The British shorthair cat breed is a home-grown favourite, and of course it stands to reason that there are likely to be a lot of them in the UK compared to most other breeds! However, if you asked someone with a passing knowledge of cats to name some pedigree breeds, they are likely to name a few such as the Bengal, Siamese and Persian, but get a little stuck after that! Because the British shorthair’s distinctive features and breed traits are subtle and easy to miss by people who are not interested in cats. They do not have flat faces, rarely have colour points, and do not have long hair or other features that make cats out as “something a little different” to the layman-many people may see a cat of the breed regularly, and not even know it.
So, is the British shorthair the most popular pedigree cat breed in the UK? We’ve attempted to find out.
At the time of writing (March 2017) there were a total of 6,620 adverts for British shorthair cats for sale posted on Pets4Homes over the last 12 months, compared to 4,560 Bengals (the next most popular breed) and 4,242 Ragdolls, in third place.
Many people who don’t know much about cats or the British Shorthair breed, wrongly think that the name “British Shorthair” is the name given for a domestic mixed breed cat or moggy. The Pets4Homes advert approval team say this is a common mistake that advertisers of mixed breed cats make when placing an advert to rehome their mixed breed cats. Of course, there are far more mixed breed cats in the UK than any of the pedigree cats breeds.
The British shorthair cat breed has been recognised as such in the UK since the 19th century, and the first cats of the breed are thought to have come into being as the result of natural breeding between cats brought over to the UK during the Roman invasion, and small-breed wild and domestic cats that were at the time living in the UK.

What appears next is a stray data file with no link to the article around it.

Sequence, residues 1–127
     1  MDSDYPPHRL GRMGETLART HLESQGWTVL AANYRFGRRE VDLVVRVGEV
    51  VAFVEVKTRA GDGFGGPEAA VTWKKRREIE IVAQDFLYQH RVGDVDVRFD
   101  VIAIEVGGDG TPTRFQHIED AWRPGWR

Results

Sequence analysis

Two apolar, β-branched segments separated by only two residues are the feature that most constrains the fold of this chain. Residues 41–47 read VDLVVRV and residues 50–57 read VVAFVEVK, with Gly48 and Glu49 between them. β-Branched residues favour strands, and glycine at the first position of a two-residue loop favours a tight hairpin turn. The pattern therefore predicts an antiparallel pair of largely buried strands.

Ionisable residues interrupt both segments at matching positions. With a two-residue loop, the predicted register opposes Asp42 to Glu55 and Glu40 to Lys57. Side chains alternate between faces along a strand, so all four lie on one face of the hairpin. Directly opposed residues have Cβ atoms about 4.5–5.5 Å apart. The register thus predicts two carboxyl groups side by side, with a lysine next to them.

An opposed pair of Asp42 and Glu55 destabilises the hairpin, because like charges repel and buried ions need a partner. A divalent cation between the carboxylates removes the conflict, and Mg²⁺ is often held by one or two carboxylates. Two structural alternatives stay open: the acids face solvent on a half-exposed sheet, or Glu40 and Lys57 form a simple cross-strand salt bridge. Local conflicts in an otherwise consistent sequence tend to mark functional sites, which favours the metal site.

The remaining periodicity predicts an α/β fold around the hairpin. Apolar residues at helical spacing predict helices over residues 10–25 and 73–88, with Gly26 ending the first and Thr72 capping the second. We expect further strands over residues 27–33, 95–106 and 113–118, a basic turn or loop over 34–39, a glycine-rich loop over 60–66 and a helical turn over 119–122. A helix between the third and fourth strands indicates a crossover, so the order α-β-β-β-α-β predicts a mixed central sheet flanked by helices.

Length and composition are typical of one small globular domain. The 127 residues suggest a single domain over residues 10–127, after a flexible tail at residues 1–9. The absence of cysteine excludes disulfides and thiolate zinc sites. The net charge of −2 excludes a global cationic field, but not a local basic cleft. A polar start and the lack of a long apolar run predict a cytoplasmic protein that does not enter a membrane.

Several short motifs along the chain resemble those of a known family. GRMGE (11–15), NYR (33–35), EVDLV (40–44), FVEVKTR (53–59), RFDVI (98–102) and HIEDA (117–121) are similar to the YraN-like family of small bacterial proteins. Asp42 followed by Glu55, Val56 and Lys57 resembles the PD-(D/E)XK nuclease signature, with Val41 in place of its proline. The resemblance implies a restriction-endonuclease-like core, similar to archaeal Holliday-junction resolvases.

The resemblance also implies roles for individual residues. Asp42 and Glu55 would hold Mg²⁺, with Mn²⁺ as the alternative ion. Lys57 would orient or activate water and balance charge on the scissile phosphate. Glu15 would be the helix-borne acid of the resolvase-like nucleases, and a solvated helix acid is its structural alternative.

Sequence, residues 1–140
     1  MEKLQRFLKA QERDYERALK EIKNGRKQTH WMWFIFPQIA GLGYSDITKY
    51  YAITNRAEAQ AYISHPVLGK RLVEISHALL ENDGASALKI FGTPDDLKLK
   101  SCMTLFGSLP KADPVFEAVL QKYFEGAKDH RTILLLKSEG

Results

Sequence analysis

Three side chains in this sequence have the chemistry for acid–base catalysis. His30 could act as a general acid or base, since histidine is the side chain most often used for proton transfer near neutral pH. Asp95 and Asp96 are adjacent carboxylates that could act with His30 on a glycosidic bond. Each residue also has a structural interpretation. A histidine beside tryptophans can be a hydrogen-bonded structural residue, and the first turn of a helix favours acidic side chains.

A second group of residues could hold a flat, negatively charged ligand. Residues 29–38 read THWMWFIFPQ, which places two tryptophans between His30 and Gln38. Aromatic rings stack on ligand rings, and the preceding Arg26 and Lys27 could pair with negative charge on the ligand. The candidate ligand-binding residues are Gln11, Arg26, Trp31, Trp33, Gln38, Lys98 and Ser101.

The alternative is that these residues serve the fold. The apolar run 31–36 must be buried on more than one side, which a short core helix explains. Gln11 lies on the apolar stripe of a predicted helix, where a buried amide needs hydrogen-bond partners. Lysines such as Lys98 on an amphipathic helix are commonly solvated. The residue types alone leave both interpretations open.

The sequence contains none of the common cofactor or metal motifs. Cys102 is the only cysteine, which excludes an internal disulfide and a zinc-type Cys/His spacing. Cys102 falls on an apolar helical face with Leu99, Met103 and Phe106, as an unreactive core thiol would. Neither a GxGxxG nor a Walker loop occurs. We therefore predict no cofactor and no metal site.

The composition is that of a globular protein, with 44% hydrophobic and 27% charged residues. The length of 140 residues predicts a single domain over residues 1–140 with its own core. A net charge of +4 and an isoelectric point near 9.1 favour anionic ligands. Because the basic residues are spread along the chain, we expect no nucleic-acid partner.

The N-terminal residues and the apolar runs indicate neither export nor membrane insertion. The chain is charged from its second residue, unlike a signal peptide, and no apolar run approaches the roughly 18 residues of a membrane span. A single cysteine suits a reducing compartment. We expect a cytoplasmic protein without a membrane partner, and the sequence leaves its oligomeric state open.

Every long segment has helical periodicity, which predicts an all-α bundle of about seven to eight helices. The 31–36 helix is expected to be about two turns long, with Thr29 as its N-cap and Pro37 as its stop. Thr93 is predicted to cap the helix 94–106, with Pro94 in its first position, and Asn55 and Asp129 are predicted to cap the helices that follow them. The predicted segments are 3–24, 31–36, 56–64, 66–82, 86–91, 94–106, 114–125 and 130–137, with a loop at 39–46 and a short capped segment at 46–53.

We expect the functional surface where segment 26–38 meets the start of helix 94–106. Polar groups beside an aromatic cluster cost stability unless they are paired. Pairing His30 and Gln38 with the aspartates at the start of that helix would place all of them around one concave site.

Despite their long history and strong following, the effects of World War 2 on the breed’s numbers saw them almost dying out entirely, to the point that concerted efforts had to be made to raise the numbers of the breed to a viable and self-sustaining population.
This meant that despite their long history and established gene pools prior to WW2, other breeds had to be added to the gene pool in order to keep them from dying out entirely, which took the form of a range of breeds including the Persian, Burmese and Russian blue.
The breed as a whole has since stabilised since then, and gone from strength to strength since, and the British shorthair is now once more firmly secured as a popular UK breed.
So, what makes them so popular? Let’s look again.
As is usually the case when a cat breed or type enjoys an enduring popularity, there is no one individual trait that causes this, but rather a diverse combination.
First and foremost, it would be foolish to overlook the popularity that can come from being a home-grown British breed, particularly when you take into account national sentiment in the aftermath of WW2, when British people were recovering from the war’s effects, and feeling particularly patriotic.
Secondly, the appearance of the British shorthair is noble and distinctive, and makes them easy to identify compared to most other breeds. They are reasonably large and well-padded with an almost square face, giving them a kind and friendly look, which has led to them being referred to on occasion as the “teddy bear cats.” Additionally, the children’s TV show “Bagpuss” during the 1970’s and 1980’s didn’t hurt there at all, as if you had to pick a breed that looked like Bagpuss, the British shorthair would be it.
They are also very affectionate, loving cats that can hold their own when out and about and are not afraid to get into the odd rumble, but that also tend to be able to live happily with other cats, and will not be the type to start a fight for no reason!
Their fur too often comes as a surprise to people who have not met the breed before-it is surprisingly thick, and very soft, plush and luxurious, which makes them a pleasure to stroke.
They tend to be fairly independent and are not as demanding as breeds like the Siamese, but they are also very affectionate and personable, and love to curl up in front of the fire with their favourite person.
The British shorthair is generally a very placid cat that is not likely to scratch or bite in play, and they also tend to be tolerant with younger children-they will stalk off and hide if annoyed, rather than getting aggressive! However, it is of course important to make sure that children respect them and do not run them ragged just because the cat will tolerate it.